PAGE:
Religious leaders in Florida (USA) asked in several lawsuits to revoke the controversial law anti-abortion of the state, which prohibits interrupting the pregnancy after 15 weeks of gestation, including in cases of rape or incest, because, according to the claim, “it violates religious freedom.”
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These are five new lawsuits filed by religious leaders from South Florida and the city of Tampa (west coast), on behalf of diverse congregations that profess Reformed Judaism, Buddhism, Episcopalianism, Unitarianism and the United Church of Christ.
The lawsuits were filed to overturn the new HB5 law, called the “Fetal and Infant Mortality Reduction Act,” passed by state Congress in early March amid much controversy.
The new law came into force on July 1.
The rule reduces the period in which a pregnant woman can legally interrupt her pregnancy from 24 to 15 weeks and only contemplates two exceptions: that the life of the mother is in danger and that the fetus has malformations.
“Since time immemorial, the question of when a fetus or potential fetus becomes alive and how to value maternal life during a pregnancy has been answered in accordance with religious beliefs and creeds,” the lawsuits argue, quoted on Tuesday by the newspaper. Florida Politics.
According to the aforementioned media, the religious leaders directly sued elected officials throughout the state, from Attorney General Ashley Moody to Miami-Dade County State Attorney Katherine Fernández Rundle.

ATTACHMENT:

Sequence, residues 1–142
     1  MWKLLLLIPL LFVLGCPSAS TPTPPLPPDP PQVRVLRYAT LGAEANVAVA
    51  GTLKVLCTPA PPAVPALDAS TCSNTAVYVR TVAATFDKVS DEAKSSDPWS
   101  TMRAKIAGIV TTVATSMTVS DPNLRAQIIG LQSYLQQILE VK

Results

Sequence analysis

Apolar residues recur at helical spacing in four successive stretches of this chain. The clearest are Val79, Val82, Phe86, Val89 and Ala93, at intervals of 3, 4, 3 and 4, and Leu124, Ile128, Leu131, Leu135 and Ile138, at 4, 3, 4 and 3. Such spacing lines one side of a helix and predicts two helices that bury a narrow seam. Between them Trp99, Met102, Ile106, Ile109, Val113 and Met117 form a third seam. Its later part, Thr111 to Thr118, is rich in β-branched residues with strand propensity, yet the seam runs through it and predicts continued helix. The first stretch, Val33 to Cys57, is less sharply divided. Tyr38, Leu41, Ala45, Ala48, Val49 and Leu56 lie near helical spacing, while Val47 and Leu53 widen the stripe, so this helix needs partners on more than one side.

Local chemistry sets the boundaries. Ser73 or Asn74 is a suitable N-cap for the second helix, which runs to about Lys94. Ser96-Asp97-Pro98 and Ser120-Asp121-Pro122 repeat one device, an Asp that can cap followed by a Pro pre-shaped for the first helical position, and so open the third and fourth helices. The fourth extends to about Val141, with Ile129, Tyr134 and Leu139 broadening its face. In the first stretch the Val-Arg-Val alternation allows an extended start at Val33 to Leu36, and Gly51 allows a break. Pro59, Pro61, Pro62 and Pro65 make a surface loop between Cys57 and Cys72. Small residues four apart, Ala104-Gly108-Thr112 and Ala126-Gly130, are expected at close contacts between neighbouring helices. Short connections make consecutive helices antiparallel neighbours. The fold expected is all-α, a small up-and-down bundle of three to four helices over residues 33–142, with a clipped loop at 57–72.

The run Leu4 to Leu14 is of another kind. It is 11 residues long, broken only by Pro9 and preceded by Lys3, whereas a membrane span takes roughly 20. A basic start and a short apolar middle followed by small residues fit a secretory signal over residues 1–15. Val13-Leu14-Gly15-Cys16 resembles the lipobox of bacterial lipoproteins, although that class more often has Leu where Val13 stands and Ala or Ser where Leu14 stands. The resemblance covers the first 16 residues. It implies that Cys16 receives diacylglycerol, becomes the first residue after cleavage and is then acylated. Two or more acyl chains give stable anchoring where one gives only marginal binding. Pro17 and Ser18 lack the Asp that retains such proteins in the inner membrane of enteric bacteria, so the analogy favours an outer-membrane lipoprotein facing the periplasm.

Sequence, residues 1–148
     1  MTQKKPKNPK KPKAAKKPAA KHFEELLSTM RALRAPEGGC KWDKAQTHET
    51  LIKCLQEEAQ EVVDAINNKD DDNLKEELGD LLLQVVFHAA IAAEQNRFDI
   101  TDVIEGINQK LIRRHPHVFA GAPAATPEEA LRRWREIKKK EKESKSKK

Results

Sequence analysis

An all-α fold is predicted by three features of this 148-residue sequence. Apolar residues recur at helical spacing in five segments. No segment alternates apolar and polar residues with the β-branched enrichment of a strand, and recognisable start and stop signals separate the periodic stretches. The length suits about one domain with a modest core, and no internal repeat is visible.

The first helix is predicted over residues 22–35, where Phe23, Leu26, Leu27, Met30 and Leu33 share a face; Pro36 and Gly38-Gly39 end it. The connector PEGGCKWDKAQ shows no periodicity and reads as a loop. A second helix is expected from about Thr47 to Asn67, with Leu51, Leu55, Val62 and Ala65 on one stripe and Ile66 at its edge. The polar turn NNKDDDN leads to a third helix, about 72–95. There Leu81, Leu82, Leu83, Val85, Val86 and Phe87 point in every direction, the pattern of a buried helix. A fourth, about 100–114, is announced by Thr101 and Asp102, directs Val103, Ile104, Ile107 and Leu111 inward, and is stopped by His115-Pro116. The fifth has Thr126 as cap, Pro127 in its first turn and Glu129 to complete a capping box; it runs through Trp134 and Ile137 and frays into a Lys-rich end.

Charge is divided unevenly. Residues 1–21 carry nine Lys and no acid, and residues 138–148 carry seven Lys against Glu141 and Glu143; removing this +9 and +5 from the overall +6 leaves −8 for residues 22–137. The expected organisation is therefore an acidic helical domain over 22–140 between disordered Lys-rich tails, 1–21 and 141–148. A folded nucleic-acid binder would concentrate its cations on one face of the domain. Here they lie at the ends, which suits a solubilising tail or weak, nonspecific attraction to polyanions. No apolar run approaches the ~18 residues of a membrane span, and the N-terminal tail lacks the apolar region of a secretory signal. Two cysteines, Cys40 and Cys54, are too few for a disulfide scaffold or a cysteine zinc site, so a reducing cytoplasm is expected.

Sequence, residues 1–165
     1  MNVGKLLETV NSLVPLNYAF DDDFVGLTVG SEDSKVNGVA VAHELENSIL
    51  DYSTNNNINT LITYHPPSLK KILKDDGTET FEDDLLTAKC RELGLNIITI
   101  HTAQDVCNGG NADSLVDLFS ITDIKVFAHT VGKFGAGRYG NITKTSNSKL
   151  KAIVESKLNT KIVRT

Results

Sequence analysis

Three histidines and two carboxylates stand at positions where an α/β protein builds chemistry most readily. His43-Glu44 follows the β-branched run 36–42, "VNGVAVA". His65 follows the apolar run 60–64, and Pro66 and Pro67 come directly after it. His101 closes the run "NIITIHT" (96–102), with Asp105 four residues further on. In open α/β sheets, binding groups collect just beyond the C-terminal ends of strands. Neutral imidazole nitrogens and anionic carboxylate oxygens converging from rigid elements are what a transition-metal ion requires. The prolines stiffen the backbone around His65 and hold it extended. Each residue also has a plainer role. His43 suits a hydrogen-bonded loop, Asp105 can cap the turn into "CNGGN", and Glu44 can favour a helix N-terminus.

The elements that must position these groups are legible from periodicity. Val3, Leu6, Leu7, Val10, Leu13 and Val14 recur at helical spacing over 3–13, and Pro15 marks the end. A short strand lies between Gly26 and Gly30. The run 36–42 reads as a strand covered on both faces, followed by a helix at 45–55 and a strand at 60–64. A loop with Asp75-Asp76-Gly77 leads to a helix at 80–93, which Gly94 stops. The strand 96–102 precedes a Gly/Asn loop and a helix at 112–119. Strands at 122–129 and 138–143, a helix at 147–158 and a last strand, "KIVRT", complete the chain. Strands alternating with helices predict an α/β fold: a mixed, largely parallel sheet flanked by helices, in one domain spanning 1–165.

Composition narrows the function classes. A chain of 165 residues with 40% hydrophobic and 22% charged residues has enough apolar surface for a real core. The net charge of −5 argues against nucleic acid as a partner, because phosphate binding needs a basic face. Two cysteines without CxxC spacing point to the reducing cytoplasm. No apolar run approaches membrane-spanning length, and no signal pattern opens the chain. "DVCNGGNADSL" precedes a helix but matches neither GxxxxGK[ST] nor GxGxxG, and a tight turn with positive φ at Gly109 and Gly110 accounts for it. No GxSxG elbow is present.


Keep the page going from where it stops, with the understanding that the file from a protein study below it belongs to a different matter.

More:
The plaintiffs demand an immediate suspension of the application of the law by the state and that it be declared unconstitutional.
In late June, Circuit Judge John C. Cooper of Leon County (north) ruled that the state’s ban on abortion after 15 weeks of pregnancy violates the state constitution, for which he issued an order to temporarily block the entry into force of the measure.
A few days later, the state of Florida appealed the judge’s order.
The new plaintiffs are Rabbi Robyn Fisher of Beth Or Miami; Rabbi Gayle Pomerantz of Temple Beth Sholom in Miami Beach; and Rabbi Jason Rosenberg of Congregation Beth Am in Tampa.
They are joined by Lama Karma Chotso, from the Open Awareness Buddhist Center, in Miami; Rev. Tom Capo, of the Unitarian Universalist Congregation of Miami; Reverend Lauri Hafner, of Coral Gables United Church of Christ, and an anonymous priest of the Episcopal Church of Miami-Dade, collects the aforementioned medium.
Last June, the Jewish congregation L’Dor Va-Dor, from Boynton Beach, in Florida’s Palm Beach County (southeast), argued in another lawsuit that the new regulations violate the rights of religious freedom.
That same month, the Center for Reproductive Rights (CRR), an organization dedicated to promoting reproductive rights, filed the first lawsuit against the new regulations and asked that the courts “prevent the ban from going into effect.”
This Tuesday, the US Department of Justice sued the state of Idaho for violating the federal Emergency Medical Treatment and Labor Law, to try to protect doctors who have to intervene when abortion is “the medical treatment necessary to stabilize the condition emergency medical care of a patient.
This is the first action by the Department of Justice against a state since last June the Supreme Court annulled the ruling “Roe v. Wade” and thus eliminated federal protection of the right to abortion, ceding their legislation to the states.
For their part, the voters of Kansas pronounced this Tuesday in a referendum on whether the state Constitution should continue to protect abortion, in the first plebiscite of its kind since the US Supreme Court revoked the guarantees to this right.